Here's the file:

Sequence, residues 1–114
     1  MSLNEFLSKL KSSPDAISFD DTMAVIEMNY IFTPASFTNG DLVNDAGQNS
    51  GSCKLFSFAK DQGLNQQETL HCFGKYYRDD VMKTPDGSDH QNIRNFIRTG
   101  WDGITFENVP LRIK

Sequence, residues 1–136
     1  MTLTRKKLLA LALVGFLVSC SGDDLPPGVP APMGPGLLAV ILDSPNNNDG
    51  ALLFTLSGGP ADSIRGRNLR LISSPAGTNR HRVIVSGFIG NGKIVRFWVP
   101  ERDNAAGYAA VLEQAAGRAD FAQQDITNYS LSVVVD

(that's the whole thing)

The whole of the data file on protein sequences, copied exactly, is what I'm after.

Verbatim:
Sequence, residues 1–114
     1  MSLNEFLSKL KSSPDAISFD DTMAVIEMNY IFTPASFTNG DLVNDAGQNS
    51  GSCKLFSFAK DQGLNQQETL HCFGKYYRDD VMKTPDGSDH QNIRNFIRTG
   101  WDGITFENVP LRIK

Sequence, residues 1–136
     1  MTLTRKKLLA LALVGFLVSC SGDDLPPGVP APMGPGLLAV ILDSPNNNDG
    51  ALLFTLSGGP ADSIRGRNLR LISSPAGTNR HRVIVSGFIG NGKIVRFWVP
   101  ERDNAAGYAA VLEQAAGRAD FAQQDITNYS LSVVVD